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Asian investors tread carefully ahead of US Fed decision

Asian investors tread carefully ahead of US Fed decision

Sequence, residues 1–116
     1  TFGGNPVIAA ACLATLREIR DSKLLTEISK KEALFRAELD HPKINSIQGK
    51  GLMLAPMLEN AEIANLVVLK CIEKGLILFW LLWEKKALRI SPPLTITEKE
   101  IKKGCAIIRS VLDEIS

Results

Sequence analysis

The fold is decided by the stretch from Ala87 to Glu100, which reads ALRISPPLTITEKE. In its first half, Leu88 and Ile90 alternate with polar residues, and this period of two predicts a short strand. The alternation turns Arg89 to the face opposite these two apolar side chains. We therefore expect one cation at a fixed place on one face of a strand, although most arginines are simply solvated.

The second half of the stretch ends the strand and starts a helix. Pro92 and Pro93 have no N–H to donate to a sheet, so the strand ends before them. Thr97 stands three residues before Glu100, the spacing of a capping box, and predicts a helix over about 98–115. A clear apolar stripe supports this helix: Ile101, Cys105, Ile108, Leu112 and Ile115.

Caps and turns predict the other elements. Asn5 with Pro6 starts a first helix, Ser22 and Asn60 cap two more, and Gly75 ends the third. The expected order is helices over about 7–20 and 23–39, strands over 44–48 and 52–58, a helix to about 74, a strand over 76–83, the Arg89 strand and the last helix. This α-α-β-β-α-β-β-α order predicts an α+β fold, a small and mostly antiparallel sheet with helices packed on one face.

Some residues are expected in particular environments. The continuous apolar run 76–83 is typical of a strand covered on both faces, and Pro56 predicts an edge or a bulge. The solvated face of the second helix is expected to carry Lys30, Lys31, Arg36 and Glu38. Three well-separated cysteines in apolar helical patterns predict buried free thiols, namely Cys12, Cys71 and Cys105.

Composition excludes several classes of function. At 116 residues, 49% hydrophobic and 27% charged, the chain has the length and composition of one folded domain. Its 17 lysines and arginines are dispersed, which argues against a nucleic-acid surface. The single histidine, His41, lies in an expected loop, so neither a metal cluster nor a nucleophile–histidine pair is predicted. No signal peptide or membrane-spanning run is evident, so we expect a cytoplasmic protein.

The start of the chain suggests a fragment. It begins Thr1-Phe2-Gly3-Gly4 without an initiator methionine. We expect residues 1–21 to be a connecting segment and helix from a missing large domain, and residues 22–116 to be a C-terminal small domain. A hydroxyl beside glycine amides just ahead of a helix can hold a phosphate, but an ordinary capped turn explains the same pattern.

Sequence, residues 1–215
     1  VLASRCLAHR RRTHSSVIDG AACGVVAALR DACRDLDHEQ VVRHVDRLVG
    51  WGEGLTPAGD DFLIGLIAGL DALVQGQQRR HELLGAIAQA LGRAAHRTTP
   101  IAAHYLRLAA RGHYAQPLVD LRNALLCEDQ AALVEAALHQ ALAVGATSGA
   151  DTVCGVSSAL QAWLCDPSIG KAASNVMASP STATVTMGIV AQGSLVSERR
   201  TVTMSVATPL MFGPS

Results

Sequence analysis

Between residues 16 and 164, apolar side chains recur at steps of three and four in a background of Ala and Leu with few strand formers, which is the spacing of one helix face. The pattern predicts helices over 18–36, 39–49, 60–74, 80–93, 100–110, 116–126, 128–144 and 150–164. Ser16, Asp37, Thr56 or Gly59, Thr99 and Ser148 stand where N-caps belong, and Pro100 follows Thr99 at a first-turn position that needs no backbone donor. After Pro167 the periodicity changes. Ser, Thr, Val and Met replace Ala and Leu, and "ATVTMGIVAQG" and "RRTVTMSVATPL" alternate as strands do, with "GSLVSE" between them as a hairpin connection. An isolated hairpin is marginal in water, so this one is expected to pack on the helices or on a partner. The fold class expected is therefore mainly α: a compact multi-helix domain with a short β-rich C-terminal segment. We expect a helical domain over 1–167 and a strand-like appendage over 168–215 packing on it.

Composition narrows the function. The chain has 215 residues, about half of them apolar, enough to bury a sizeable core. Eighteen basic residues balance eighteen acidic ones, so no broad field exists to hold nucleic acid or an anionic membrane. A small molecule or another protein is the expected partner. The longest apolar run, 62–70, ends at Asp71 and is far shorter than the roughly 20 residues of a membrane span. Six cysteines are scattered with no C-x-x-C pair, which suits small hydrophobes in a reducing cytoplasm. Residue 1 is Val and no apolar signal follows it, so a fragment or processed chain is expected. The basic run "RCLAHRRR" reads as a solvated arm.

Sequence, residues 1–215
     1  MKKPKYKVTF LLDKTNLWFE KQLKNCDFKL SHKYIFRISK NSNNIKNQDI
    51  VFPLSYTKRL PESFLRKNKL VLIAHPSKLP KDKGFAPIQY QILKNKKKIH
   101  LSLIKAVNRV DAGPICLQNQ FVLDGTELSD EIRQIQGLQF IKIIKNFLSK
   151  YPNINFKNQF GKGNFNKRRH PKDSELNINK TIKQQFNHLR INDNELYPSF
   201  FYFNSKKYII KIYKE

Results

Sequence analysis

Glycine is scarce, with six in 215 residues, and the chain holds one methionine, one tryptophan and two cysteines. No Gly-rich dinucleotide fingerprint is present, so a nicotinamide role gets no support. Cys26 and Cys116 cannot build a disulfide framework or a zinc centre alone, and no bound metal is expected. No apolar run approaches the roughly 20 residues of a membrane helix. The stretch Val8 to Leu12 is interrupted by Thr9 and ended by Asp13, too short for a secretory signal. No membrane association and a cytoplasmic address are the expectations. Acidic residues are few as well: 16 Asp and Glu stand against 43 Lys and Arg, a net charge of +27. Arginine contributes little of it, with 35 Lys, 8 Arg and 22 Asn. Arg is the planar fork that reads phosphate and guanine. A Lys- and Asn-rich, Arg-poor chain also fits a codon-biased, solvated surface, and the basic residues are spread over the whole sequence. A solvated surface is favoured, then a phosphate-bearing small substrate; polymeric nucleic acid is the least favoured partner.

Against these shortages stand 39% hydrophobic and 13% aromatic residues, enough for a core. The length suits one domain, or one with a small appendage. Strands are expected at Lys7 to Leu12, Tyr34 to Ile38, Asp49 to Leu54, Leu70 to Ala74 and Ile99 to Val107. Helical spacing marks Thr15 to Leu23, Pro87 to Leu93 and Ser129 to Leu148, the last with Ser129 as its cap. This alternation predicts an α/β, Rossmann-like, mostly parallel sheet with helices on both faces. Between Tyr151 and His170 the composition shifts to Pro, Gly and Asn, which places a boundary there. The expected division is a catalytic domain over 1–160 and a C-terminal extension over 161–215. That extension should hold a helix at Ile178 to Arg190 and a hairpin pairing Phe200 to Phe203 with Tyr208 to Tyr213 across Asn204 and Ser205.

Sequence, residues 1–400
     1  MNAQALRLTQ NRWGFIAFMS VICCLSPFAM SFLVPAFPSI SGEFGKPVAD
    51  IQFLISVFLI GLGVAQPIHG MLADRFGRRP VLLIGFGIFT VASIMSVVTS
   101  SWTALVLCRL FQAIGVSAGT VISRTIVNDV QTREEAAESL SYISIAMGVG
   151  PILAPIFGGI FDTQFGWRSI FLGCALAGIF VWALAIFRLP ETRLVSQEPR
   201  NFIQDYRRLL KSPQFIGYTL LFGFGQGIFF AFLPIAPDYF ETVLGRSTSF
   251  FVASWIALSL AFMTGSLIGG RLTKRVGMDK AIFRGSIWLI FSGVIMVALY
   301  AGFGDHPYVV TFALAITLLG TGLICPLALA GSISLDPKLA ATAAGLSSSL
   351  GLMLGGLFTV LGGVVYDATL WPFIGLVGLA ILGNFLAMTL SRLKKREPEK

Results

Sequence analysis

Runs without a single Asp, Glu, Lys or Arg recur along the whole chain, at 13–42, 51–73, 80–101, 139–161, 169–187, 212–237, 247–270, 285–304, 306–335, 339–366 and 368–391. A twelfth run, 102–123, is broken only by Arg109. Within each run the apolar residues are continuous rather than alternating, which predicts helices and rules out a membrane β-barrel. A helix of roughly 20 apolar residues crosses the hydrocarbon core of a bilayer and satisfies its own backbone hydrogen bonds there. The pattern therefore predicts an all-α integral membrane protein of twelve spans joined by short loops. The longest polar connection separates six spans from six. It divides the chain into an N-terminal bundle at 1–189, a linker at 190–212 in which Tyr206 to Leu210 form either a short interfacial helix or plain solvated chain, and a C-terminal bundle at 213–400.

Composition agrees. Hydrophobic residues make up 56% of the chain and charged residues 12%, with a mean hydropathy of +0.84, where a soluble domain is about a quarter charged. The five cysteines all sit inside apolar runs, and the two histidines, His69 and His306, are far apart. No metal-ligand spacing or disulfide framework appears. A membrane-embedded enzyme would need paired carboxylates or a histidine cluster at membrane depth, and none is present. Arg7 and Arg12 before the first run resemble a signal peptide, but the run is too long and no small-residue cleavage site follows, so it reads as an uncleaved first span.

HONG KONG, Sept 20: Asian markets moved tentatively Wednesday ahead of a Federal Reserve policy decision, while geopolitical issues returned after Donald Trump threatened to “totally destroy” North Korea if it did not rein in its nuclear ambitions, reports AFP. A third successive record on Wall Street, fanned by speculation about Trump’s economic agenda, was not enough to entice buying in the region as equity dealers cash in recent gains. Foreign exchanges were also seeing little movement before the US central bank’s meeting concludes, with the dollar essentially flat, although the Mexican peso was down 0.3 percent after a deadly earthquake killed scores in Mexico. Stephen Innes, head of Asia-Pacific trading at OANDA, said: “Markets have reached a crossroad and dealers are sitting tight ahead of (the Federal Open Market Committee meeting). It seems like a typical pre FOMC week with low currency volatility.” While policymakers are not expected to raise interest rates, the post-meeting statement and comments from Chair Janet Yellen are the main focus as traders hope for a timetable on winding down its crisis-era bond-buying stimulus. “The market doesn’t expect anything earth-shattering from the meeting but there are risks on both sides,” Greg McKenna, chief market strategist at AxiTrader, said in a commentary. Tokyo shares ended little changed Wednesday after hitting a more than two-year high, but Nintendo surged on hopes for strong sales of its Switch games console. The Super Mario maker jumped 4.73 percent to 42,890 yen, adding to a more than seven percent gain Tuesday, after Credit Suisse boosted its outlook on the gaming device and as the industry gears up for this week’s Tokyo Game Show. “Nintendo surged... on hopes that the company will unveil new game titles for Switch” at the show, Okasan Online Securities said in a commentary. Investors were also keeping an eye on US and Japanese central bank meetings, after Tuesday’s rally saw the benchmark index jump nearly two percent to close at its highest level in more than two years. “The market paused after feeling a sense of accomplishment yesterday,” said Toshikazu Horiuchi, a broker at IwaiCosmo Securities. Tokyo’s Nikkei 225 ended Wednesday up 0.05 percent, or 11.08 points, at 20,310.46, while the broader Topix index was flat, inching up 0.04 points to 1,667.92. “Overall, investors took a wait-and-see stance with a FOMC (Federal Open Market Committee) decision on the way,” Okasan said, referring to the US central bank’s policy-setting group. Geopolitical factors were also in focus after President Donald Trump escalated his rhetoric on North Korea, threatening to “totally destroy” the country if it does not back down on its nuclear ambitions. Among major Tokyo-listed shares, Panasonic added 0.81 percent to end the day at 1,665 yen and Toyota slipped 0.39 percent to 6,703 yen. Nissan edged up 0.04 percent to 1,153.5 yen but Sony dropped 1.19 percent to 4,243 yen. In forex markets, the dollar traded at 111.45 yen, weakening from 111.60 yen in New York. Sydney and Singapore each shed 0.1 percent, while and Seoul was 0.2 percent down. However, Hong Kong edged up 0.2 percent in the afternoon and Shanghai closed 0.3 percent higher. In early European trade London rose 0.1 percent while Paris and Frankfurt were flat. The US-North Korea stand-off was thrown back into focus by Trump on Tuesday when he warned Pyongyang over its nuclear programme in his maiden UN General Assembly speech. The president said he would wipe out the North if it threatened the US or its allies and warned Kim Jong-Un was “on a suicide mission for himself and for his regime”. “The United States is ready, willing and able, but hopefully this will not be necessary,” he said. McKenna said “we all need to keep a weather eye on North Korea”, although he added that the tycoon was “much more conciliatory” to the United Nations than he had been in the past. U.S. stock index futures were little changed on Wednesday as investors awaited clues from the Federal Reserve meeting on whether the central bank will raise interest rates for a third time this year. The policy statement and projections are due to be released at 2 p.m. ET (1800 GMT). Fed Chair Janet Yellen will hold a press conference half an hour later. The Fed is likely to say that it will start unwinding its holdings of about $4.2 trillion in bonds and mortgage-backed securities from October. While a September interest rate increase is not expected, investors will closely study Yellen’s views on inflation. Though inflation remains stubbornly below the Fed’s 2- percent target rate, a recent data showed uptick in domestic consumer prices, which raised the chances of a December rate hike by more than 50 percent. Traders now bet the odds of a December move at 56.4 percent, compared with 46.8 percent a week ago, according to the CME Group’s FedWatch tool. The three major U.S. stock indexes closed at record highs on Tuesday, with the financial stocks providing the biggest boost. Economic data includes a report on existing home sales that is likely to show it increased 0.3 percent in August, after falling to its lowest level in 11 months in July that signaled a slow recovery in the housing market. Oil prices were set for their largest third-quarter gain in 13 years, after the Iraqi oil minister said OPEC and its partners were considering extending or deepening supply cuts. Adobe fell 2.30 percent in premarket trading after the Photoshop maker’s revenue forecast came in line with estimates. Fedex was down 1.39 percent after the package delivery company’s quarterly profit took a hit from a cyberattack and it cut its full-year earnings forecast. Pfizer was up more than 1 percent after Morgan Stanley upgraded stock to “overweight”. Western Digital slipped 3.36 percent after Reuters reported Japan’s embattled Toshiba has chosen a group led by private equity firm Bain Capital to buy its prized memory chip unit. Bed Bath & Beyond (BBBY.O) sank more than 13 percent after the home furnishing retailer reported earnings and sales below estimates, prompting a slew of price target cuts.